"When we looked around, we noticed that the only ones still laughing were the old radicals, the poets, the mothers who still believed in the world as we could dream it, shooting stars of imagination and ambition--sparks of creativity, of joy."
Denise Breeden-Ost wrote her first poem—a riddle about a Crock-Pot—while walking home from kindergarten. A few decades later, her first novel, Making It All Right, can be found at Clockflower Press. Denise lives on a ridgetop near Bloomington, Indiana with a small family, a large garden, and innumerable trees.
Welcome to the Poets Weave. I'm Romayne Rubinas Dorsey. Denise, what poems have you brought for us today?
One hand clutches hope hard, knuckles fisted white.
One hand aches to open, spring wide, join the applause.
One hand needs to know what it will meet.
Needs to know its gesture matters. Needs to know it matters.
So much absence and noise. So much goes unheard.
One hand wonders what it might lose.
Behind the biting nails, safe in the palm's dark warmth,
One hand's courage gathers drop by drop.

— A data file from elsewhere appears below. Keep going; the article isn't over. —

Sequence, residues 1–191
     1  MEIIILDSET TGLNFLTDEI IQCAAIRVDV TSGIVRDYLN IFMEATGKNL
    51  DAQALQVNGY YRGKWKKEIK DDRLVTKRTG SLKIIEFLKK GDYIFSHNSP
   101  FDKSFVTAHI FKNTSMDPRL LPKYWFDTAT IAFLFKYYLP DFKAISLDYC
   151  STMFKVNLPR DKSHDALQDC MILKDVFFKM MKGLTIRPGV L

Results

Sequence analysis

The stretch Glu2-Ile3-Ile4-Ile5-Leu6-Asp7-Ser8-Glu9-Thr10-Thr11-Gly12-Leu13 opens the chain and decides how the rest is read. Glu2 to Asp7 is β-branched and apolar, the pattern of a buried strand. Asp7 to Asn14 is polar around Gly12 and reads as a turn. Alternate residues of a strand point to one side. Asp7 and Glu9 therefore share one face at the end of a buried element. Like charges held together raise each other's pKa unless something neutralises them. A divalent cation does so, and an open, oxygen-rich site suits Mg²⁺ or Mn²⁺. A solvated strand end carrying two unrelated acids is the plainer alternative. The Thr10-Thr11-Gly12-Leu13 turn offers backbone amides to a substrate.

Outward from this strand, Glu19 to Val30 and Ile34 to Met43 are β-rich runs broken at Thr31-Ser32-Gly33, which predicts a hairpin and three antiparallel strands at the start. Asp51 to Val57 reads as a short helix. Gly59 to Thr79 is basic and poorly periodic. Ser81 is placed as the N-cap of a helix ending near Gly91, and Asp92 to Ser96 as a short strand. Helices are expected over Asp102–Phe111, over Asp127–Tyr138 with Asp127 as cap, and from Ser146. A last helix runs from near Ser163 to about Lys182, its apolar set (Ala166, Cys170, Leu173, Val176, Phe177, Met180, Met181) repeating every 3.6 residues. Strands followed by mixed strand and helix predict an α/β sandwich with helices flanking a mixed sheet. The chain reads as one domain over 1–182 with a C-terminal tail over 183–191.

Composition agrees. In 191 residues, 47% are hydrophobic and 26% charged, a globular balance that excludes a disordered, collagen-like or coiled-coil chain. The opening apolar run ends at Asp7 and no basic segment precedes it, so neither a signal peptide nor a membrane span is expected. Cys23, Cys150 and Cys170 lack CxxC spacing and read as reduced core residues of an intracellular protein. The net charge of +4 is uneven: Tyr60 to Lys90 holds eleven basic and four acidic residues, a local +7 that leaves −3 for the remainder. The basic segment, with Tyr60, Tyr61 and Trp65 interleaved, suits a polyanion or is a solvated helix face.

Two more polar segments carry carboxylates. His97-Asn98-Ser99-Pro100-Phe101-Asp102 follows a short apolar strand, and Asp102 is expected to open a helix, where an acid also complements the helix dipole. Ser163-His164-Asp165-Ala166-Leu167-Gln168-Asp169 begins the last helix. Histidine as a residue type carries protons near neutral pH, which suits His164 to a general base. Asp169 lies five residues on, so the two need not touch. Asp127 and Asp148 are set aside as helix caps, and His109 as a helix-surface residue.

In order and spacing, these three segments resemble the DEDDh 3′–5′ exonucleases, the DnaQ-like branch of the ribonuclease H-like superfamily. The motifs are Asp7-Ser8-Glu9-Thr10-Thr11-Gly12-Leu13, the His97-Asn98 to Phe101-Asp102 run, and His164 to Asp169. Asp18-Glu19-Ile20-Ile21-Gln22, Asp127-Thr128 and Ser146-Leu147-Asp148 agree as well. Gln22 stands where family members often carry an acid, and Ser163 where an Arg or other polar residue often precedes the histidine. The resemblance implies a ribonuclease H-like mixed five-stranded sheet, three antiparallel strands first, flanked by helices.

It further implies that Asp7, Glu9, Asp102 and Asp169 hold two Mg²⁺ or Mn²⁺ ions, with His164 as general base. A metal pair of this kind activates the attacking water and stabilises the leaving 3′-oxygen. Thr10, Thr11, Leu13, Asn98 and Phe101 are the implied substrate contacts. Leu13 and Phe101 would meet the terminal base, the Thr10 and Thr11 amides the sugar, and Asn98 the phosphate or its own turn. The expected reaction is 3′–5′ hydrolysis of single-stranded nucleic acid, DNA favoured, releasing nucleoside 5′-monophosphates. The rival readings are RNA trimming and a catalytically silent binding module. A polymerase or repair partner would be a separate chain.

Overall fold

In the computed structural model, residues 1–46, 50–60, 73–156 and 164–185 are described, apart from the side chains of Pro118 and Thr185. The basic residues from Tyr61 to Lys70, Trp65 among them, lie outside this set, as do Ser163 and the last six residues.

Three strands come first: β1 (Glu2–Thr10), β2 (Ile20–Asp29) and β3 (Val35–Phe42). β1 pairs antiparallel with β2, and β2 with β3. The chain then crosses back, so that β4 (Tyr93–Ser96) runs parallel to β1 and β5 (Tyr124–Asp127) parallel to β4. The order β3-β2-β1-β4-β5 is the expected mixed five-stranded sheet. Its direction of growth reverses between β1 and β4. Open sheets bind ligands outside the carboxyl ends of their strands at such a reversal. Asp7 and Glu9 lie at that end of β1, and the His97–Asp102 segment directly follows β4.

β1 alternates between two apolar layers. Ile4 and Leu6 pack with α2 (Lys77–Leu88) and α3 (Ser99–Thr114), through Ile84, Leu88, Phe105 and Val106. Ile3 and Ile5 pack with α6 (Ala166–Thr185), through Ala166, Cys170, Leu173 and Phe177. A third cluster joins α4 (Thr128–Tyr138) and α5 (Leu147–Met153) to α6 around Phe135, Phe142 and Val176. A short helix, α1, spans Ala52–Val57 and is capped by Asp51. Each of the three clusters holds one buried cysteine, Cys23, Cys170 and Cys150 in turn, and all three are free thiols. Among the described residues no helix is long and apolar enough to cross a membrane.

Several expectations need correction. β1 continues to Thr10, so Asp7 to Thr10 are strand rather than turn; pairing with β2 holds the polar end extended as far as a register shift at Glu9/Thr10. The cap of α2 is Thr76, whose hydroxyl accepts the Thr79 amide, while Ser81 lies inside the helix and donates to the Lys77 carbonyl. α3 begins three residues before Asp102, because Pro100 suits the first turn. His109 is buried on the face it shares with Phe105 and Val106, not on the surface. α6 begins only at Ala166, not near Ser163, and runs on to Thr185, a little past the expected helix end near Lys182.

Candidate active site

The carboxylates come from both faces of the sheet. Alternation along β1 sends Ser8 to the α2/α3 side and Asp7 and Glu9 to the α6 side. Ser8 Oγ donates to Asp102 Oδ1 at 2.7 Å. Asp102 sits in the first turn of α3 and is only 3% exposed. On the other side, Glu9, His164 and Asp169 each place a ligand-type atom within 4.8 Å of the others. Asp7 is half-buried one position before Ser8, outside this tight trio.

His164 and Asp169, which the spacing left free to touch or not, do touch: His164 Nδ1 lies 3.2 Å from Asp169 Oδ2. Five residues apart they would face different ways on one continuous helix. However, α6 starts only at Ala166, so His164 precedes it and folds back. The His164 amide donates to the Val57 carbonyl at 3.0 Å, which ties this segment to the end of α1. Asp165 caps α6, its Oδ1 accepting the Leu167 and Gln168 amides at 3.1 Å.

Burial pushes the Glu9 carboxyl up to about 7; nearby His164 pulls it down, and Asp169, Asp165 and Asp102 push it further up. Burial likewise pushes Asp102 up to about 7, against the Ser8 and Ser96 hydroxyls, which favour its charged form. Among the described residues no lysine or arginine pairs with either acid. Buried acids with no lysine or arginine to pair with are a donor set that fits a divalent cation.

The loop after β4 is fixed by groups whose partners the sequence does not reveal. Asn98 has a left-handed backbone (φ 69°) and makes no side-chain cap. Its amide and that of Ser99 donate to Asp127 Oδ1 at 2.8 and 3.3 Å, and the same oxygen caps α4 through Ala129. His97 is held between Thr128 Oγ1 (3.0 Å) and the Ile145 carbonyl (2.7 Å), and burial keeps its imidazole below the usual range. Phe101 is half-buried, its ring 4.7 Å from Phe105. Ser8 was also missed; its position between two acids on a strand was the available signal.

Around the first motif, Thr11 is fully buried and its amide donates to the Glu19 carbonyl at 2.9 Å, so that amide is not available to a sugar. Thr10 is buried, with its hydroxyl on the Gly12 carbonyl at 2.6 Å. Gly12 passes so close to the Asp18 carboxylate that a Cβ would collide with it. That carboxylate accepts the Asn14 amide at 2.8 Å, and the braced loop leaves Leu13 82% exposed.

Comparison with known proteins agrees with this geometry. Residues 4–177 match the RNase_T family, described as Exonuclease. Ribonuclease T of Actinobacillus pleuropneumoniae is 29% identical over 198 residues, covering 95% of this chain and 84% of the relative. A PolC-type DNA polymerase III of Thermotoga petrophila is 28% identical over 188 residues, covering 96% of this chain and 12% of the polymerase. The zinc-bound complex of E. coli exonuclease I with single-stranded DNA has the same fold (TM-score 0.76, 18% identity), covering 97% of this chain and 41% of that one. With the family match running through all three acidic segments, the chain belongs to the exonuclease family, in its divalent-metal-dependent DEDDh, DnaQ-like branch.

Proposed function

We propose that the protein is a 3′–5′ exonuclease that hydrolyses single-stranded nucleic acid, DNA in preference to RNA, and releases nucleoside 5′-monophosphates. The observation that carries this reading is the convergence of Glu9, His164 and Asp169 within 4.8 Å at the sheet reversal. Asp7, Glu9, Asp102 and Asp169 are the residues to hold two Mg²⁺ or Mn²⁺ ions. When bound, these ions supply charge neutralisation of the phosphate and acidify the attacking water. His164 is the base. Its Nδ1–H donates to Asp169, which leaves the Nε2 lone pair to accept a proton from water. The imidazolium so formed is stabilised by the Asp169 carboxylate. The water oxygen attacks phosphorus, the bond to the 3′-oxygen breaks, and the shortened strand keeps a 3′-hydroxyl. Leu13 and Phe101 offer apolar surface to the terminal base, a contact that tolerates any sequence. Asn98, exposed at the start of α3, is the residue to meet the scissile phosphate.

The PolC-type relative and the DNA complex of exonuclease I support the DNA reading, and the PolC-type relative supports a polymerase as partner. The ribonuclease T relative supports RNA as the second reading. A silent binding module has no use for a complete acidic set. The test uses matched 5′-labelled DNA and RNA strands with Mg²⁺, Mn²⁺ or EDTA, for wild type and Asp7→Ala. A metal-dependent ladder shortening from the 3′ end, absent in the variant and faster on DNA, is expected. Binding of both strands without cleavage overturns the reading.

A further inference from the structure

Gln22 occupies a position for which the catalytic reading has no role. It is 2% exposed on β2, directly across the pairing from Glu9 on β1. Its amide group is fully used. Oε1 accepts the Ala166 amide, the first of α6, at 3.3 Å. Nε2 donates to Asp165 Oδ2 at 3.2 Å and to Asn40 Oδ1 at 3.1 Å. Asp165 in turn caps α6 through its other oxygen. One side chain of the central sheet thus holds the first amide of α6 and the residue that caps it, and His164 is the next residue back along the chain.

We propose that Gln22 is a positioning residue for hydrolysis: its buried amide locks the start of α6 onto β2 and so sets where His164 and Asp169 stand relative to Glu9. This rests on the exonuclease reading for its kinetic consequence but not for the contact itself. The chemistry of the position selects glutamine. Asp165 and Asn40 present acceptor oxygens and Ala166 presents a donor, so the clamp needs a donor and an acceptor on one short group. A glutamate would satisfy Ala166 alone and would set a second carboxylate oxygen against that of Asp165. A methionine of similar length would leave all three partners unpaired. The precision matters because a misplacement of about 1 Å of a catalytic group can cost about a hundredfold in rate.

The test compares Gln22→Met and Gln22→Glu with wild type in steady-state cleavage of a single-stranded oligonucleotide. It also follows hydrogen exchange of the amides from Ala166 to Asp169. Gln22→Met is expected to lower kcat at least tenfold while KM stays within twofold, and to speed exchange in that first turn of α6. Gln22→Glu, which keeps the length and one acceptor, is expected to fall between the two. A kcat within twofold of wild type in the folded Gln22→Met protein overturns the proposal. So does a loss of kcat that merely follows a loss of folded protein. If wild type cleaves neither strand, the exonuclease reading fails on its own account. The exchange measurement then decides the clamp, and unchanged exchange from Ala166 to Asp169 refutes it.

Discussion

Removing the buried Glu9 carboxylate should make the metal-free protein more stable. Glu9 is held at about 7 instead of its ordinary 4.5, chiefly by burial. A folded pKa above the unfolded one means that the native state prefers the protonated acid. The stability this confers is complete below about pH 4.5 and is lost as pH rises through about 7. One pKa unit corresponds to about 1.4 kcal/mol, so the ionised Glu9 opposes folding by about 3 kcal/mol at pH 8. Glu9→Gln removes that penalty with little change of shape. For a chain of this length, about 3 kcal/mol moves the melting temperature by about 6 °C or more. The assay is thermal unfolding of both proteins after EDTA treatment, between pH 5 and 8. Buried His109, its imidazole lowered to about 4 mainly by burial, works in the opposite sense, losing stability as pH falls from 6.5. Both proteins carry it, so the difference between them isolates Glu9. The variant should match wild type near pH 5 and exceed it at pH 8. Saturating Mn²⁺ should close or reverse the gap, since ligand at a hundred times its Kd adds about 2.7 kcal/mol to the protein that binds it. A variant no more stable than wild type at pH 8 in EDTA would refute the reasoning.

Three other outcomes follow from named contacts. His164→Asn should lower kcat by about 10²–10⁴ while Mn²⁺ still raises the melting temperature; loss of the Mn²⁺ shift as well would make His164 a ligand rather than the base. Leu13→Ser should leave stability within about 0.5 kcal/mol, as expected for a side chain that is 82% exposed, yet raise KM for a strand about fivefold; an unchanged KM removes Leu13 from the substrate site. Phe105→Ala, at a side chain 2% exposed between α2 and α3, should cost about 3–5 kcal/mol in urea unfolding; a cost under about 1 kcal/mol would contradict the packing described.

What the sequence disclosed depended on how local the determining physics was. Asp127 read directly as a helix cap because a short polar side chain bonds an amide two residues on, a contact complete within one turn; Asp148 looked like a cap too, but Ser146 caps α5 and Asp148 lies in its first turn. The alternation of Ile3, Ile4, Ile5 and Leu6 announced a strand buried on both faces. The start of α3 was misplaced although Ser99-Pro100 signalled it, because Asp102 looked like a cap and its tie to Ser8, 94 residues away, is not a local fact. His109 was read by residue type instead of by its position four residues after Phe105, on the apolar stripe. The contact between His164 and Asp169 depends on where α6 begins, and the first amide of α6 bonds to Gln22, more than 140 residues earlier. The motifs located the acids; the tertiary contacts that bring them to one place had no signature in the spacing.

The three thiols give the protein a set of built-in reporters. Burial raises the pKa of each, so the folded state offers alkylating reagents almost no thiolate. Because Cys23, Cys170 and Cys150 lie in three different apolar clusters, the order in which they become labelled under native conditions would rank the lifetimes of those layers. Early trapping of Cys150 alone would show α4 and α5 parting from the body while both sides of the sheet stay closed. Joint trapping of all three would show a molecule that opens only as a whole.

Herman B. Wells Library, Indiana University
Looming stone blocks sky, bulks blank
above an oppressed concession of window.
Inside, I was an outsider, rattled
ball bearing in a blind cube maze.
I fled that dread weight clutching treasure
like a tomb robber.
Sunrise on the east face. Every brick
of limestone its own ancient color.
Percussion of shadows, fortress jazz.
Rhythm I can't play, wall I wouldn't build.
Beauty I can see, from this distance
with the sky behind me
and no want of knowledge.
Orange snakes thick onto white,
black edges in sideways.
Painting is squeeze and smear,
wash, daub, feather:
Verbs, not nouns.
A noun means it's over.
The end: A painting.
Others look, feel, wonder,
discuss, judge, buy.
The painter tries to look artistic.
mashes a thumb into the tube of red,
slops turquoise, chops purple,
squeegees kelly green.
Three Haiku for Gabe
light looks different
and worms, and white butterflies
after your poems
your memorial service:
round church window
full of ladybugs
still, every spring
thunderstorm skies light the leaves
just like you said
Supply List for the Writer Mother
One locking door.
It's true, you have to choose.
But not once and for all. No.
You have to choose now,
and Tuesday morning, and next year.
Nobody can do this for you.
Several white handkerchiefs,
for days of surrender.
to let your heart bleed through,
your two loves color each other.
Faith that this matters.
You've been listening to the poetry of Denise Breeden-Ost on the Poets Weave. I'm Romayne Rubinas Dorsey.